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Endocrine Abstracts (2022) 86 P185 | DOI: 10.1530/endoabs.86.P185

St Mary’s Hospital, Imperial College Healthcare NHS Trust, London, United Kingdom

Oncogenic ostemalacia is a rare paraneoplastic syndrome characterised by renal phosphate wasting secondary to secretion of FGF-23 from mesenchymal tumours. Localisation of the tumour is wanted, as resection can lead to complete clinical and biochemical cure. We present a case of a 57 year old woman with a background of Vitamin D deficiency and secondary hyperparathyroidism, who presented with severe generalised aches and pain, worst in her ribs and thighs, such that she could no longer manage stairs. After Vitamin D repletion orally (100.3 nmol/l), the biochemistry still revealed a low phosphate (0.56 mmol/l), elevated alkaline phosphatase (195Units/l), and elevated parathyroid hormone (7.3 pmol/l). She remained symptomatic. Further investigation identified inappropriately high urinary phosphate excretion (10.89 mmol/l with fractional excretion 45.38%). FGF-23 levels were high at 213units/ml with an inappropriately normal 1,25(OH)2 Vitamin D of 29 pmol/l. Retinol binding protein level was normal. This picture was suggestive of oncogenic osteomalacia. Treatment with Sandoz phosphate and alfacalcidol was started. A diagnostic Dotatate PET scan was performed, identifying multiple tracer avid bone lesions at sites typical for insufficiency fractures, but failed to localise any specific lesions. Subsequent targeted history taking identified a small left sided lesion on the patient’s oral mucosa developing over the past year, with the patient revealing daily betel nut usage. Excision biopsy was performed, which showed features consistent with a giant cell fibroma. On further review of the original Dotatate PET scan, subtle uptake corresponding to this location was noted. The patient improved biochemically, with fasting serum phosphate normalising off phosphate treatment post-operatively, but requires a repeat wide excision to ensure there is no recrudescence. Our case highlights the importance of proper work-up of hypophosphataemia. Localising FGF-23 producing mesenchymal tumours can be difficult, and a good history and examination are crucial.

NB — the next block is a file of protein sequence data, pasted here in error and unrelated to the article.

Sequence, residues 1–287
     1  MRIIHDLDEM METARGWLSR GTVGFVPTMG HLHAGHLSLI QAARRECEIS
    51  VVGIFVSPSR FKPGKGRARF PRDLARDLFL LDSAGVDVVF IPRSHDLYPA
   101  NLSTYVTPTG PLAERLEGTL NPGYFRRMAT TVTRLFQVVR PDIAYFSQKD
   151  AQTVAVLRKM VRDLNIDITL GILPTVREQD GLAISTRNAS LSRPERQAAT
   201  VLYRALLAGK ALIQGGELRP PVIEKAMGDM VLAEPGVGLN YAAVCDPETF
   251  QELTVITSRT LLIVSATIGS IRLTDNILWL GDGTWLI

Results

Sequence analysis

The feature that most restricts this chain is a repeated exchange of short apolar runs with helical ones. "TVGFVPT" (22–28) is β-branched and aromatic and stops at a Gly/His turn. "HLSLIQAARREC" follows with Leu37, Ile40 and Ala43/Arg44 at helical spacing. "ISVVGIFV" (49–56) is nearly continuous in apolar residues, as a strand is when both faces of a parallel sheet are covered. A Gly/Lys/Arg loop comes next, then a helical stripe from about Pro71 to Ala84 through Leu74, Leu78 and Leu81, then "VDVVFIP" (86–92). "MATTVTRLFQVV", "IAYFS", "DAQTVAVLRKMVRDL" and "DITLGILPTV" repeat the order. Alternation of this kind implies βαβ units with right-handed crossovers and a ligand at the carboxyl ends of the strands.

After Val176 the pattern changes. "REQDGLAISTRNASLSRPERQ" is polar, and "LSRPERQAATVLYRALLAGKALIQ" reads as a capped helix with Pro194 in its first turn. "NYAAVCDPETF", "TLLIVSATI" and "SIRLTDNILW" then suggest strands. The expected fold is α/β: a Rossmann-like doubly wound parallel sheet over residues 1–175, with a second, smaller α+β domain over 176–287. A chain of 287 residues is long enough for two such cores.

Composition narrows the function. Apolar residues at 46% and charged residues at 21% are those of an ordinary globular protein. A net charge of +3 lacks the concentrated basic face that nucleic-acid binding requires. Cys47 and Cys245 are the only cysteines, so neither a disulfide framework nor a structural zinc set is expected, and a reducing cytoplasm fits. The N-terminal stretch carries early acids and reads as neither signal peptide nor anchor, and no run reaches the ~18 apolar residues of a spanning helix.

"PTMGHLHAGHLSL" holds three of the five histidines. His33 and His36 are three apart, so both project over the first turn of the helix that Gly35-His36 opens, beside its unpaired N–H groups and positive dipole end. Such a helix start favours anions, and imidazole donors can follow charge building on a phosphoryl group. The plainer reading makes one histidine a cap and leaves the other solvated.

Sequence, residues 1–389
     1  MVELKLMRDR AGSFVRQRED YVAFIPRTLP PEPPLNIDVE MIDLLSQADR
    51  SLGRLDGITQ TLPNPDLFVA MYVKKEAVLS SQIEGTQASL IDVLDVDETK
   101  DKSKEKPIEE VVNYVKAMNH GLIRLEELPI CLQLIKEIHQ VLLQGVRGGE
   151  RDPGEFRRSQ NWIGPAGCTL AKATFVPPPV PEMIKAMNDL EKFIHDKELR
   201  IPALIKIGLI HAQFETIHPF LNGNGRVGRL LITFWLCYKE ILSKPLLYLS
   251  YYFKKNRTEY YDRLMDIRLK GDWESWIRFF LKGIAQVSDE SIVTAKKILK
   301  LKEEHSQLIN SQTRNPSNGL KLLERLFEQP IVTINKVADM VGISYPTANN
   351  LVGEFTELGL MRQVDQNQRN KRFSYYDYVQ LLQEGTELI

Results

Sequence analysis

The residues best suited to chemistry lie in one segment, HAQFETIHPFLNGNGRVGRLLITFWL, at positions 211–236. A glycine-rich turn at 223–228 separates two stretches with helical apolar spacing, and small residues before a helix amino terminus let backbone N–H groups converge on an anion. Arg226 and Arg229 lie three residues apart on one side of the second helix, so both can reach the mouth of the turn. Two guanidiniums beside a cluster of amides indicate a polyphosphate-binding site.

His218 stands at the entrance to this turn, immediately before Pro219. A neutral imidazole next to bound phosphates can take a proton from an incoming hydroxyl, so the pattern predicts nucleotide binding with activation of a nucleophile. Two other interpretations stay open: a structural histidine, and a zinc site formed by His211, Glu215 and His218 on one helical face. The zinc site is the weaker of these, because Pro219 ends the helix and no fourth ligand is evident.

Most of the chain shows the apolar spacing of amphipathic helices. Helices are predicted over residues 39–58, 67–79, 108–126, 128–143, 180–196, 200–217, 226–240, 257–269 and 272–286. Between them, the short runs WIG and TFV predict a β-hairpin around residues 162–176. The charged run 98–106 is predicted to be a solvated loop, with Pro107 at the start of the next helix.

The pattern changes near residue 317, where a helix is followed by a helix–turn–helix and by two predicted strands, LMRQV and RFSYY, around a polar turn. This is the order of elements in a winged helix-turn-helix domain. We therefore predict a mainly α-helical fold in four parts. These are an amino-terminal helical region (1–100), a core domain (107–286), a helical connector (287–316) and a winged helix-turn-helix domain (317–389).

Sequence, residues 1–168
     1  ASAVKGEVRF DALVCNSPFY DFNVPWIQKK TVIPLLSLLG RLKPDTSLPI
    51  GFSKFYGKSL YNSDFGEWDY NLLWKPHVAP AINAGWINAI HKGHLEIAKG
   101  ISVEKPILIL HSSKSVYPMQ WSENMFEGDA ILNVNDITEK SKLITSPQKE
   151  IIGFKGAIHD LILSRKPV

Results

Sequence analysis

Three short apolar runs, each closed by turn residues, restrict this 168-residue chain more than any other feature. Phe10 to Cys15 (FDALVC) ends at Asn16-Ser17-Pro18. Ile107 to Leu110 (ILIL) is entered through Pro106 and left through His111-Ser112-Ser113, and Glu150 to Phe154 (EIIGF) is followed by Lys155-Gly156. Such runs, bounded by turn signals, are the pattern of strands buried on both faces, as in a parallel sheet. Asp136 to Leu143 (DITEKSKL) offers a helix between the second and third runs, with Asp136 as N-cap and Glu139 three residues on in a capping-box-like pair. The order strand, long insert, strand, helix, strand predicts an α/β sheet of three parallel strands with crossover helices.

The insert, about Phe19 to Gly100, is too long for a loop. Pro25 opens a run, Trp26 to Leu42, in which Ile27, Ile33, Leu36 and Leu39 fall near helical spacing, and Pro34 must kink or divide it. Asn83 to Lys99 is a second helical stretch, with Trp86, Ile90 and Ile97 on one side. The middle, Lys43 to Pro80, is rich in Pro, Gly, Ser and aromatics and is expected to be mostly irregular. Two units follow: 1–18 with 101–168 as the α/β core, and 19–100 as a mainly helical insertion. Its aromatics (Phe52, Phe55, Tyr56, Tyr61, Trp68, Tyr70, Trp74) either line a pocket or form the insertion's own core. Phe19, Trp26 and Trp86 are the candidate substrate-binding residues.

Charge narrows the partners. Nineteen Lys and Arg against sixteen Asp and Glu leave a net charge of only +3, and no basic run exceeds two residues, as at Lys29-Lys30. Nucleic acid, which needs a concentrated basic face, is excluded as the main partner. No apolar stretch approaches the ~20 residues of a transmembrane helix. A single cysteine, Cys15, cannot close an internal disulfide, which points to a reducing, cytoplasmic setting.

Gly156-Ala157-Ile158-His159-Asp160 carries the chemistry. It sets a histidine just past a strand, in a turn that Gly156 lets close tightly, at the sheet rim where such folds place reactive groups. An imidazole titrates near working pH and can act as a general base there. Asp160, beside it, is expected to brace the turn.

Volume 86

Society for Endocrinology BES 2022

Harrogate, United Kingdom
14 Nov 2022 - 16 Nov 2022

Society for Endocrinology 

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